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  1. #1
    Join Date
    Sep. 19, 2010
    Location
    Cherryville, BC
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    49

    Default IDSH(NA) and IDSH(CAN) Registry's

    I have an IDSH foal that I am going to register. Is one registry better than the other (IDHSNA or IDHSC)? I do plan on cross registering the foal, but am not sure which registry is better as the main registry?

    Any advice?

    thanks,
    Last edited by Oskar; Aug. 27, 2012 at 08:34 PM. Reason: spelling correction



  2. #2
    Join Date
    Dec. 15, 2005
    Posts
    3,155

    Default

    I think most of us in the US do the IDSHNA, but those with far more experience than I have should chime in.



  3. #3
    Join Date
    Jun. 16, 2007
    Posts
    1,802

    Default we are all sisters

    The central registry for Irish Draught Horses is the Irish Draught Horse Society in Ireland (for purebreds). We are satellites (Canada, US, and also IDHSGB) there is a process going on now to integrate all the societies in the same approval process...Canada and GB seem to have accepted terms and completed the process. At that point there would be some kind of reciprocity between countries. From this point it is political and frustrating. The US has been waiting to see what happens to exising approved horses in the "international" registry and to have the goals of the IDHS in Ireland reflect our desire to preserve traditional type Irish Draughts as opposed to the Warmblooding of the ID. It has been an ackward process at best dealing long distance with the HSI.

    If you are registering an Irish Draught Sport Horse it doesn't matter as the Horse Sport Ireland doesn't recognize either registry for IDSH and is unikely to. They call the crossbred an ISH(Irish Sport Horse) and do not limit it to having necessarily ANY Irish Draught blood. Both IDHSCanada and IDHSNA require a percentage of Irish Draught in their registered sport horses. If the sire of your horse was approved ISH in Ireland before export or is approved ISH on performance like Flexible you can pursue registry with HSI(Horse Sport Ireland) good luck with that...I have no experience to offer as I register with IDHSNA...there is no approval process for HSI in the US for the sport horses.

    There IS an approval process for IDSH stock in the US and Canada. Both use the inspectors sent from Ireland who also inspect Sport Horses in Ireland. Both Canada and the US provide registration and documentation of breeding of IDSH from approved ID and IDSH stock. The US has an awards program and has held yearly National Shows, I do not believe that Canada does and believe they are primarily concerned with registrations transfers and approvals.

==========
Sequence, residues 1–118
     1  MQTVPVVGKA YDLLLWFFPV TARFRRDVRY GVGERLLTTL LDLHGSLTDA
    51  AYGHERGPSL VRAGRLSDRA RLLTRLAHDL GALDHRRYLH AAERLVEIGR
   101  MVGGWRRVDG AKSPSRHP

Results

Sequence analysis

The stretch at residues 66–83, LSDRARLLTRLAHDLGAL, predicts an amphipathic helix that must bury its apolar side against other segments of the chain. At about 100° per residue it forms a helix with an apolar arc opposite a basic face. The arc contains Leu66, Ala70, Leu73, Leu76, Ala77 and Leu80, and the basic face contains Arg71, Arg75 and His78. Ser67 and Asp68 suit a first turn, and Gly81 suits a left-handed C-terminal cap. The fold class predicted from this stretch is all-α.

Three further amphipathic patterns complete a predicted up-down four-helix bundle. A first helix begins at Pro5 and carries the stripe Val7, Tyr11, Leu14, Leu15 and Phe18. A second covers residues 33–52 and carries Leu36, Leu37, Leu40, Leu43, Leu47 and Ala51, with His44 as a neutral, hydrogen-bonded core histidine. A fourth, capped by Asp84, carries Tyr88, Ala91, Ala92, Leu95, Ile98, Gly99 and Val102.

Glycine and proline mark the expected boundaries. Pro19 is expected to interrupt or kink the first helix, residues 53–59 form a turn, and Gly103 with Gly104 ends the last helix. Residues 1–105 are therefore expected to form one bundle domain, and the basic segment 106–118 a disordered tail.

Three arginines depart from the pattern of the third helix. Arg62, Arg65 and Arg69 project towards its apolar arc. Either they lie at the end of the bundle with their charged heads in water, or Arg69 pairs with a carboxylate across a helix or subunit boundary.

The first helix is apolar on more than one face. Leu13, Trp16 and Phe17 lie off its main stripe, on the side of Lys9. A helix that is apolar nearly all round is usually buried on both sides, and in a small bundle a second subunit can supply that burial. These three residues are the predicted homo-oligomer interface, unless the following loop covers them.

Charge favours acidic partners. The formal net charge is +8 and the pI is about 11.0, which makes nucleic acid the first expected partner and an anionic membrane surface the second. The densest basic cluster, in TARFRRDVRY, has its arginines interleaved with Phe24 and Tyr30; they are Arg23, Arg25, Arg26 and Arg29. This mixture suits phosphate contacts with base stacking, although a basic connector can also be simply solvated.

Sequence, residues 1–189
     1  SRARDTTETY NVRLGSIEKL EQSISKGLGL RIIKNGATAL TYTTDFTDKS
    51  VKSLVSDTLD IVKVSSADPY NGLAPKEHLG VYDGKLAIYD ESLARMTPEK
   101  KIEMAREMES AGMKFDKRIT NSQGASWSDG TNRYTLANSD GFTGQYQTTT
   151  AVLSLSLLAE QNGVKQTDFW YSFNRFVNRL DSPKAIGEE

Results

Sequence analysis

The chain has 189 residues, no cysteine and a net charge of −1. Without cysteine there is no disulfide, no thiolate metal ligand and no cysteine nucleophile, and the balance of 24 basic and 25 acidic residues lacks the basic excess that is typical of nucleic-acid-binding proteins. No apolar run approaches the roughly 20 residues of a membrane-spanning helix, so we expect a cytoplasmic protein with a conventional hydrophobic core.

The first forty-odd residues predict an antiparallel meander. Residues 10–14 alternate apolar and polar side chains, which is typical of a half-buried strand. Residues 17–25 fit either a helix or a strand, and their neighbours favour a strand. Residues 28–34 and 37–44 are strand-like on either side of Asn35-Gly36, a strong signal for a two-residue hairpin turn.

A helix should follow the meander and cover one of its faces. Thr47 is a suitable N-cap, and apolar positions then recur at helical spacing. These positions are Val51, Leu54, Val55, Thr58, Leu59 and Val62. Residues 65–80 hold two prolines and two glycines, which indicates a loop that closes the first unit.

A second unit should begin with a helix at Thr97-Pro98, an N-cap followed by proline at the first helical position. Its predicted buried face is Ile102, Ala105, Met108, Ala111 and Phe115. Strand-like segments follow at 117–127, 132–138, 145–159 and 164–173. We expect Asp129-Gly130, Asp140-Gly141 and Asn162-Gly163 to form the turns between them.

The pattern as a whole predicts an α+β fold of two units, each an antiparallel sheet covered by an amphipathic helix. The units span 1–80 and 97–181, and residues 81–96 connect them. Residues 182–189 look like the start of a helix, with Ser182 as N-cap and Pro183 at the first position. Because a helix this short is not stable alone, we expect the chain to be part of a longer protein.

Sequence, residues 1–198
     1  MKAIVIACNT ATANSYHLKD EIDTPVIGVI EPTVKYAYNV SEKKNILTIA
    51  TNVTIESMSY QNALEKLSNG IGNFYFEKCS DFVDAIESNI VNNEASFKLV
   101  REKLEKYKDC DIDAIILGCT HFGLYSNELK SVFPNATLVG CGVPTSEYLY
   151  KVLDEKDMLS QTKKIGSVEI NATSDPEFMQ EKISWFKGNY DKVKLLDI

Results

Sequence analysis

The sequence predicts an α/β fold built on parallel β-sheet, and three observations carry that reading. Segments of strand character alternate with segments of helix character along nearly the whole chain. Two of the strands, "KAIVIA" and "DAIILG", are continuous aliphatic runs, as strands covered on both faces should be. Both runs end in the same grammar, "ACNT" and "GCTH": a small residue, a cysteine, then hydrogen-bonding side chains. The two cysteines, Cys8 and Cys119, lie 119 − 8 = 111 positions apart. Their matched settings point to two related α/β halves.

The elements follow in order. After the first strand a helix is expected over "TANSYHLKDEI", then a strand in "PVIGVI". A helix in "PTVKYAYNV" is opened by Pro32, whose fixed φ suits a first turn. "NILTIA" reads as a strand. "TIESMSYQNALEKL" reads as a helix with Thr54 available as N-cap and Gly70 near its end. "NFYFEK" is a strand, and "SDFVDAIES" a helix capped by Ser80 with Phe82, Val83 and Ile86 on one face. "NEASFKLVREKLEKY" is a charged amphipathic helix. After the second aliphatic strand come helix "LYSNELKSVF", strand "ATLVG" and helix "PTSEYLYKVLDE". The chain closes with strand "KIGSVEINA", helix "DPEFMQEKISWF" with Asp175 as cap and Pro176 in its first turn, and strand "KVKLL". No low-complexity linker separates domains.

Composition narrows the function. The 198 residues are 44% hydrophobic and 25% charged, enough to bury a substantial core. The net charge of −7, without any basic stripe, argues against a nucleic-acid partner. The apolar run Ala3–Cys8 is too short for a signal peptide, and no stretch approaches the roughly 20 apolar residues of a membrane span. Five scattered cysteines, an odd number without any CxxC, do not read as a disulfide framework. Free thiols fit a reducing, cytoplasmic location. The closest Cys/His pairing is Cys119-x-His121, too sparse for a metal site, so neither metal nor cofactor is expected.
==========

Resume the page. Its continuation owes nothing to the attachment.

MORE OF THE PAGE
If you intend on inspecting breeding stock or evaluating your stock using the Irish inspectors, which is an interesting process...some inspectors with many years of Irish Draught and Irish Sport Horse lore are treasures. I would choose the registry most likely to have inspections or who have a region that includes your area. There are also regional groups...some are very active with clinics and opportunities to meet. I register in IDHSNA as I live in Minnesota and have local friends in the North Central IDHS region. PatO



  4. #4
    Join Date
    Sep. 19, 2010
    Location
    Cherryville, BC
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    49

    Default

    thank you for the information Pat.

    I live in BC, Canada but was originally going to register him with IDSHNA b/c it is a bigger registry than Canada's, but b/c of the harmonization that Canada has done, I thought I better do some more research before I make my decision. My question to both the NA and Can registry's is about their inspection locations and dates. I believe Canada does inspections roughly every 2yrs on the west coast, but I think that it may be hit and miss b/c of demand. The NA registry seems like it may have a better selection of location for inspections than the Canadian registry at this point.



  5. #5
    Join Date
    Feb. 23, 2005
    Location
    Spotsylvania, VA
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    12,264

    Default

    I'm in a similar situation with eventually 4 IDSH's to inspect. It looks like IDHSNA is only inspecting in KY and MT this year. If MT is closer than a Canadian site maybe you could have her inspected in the US and approved in CA.

    I'm not breeding at this time in part because of the registry issues....not breeding anything not eligible for inspection
    Smurf
    Penmerryl's Sophie RIDSH
    "I ain't as good as I once was but I'm as good once as I ever was"
    The ignore list is my friend. It takes 2 to argue.



  6. #6
    Join Date
    Dec. 1, 2007
    Location
    Gettysburg, PA
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    2,591

    Default

    The other problem with the US dragging their feet is they have now said they are not going to do reciprocity with the new inspection scheme as they are not sure how to mesh 2 different grading systems. Canada is having inspections this year, it might be worth going and get first hand info if possible before choosing.
    Epona Farm
    Irish Draughts and Irish Sport horses

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  7. #7
    Join Date
    Jun. 14, 2011
    Posts
    36

    Default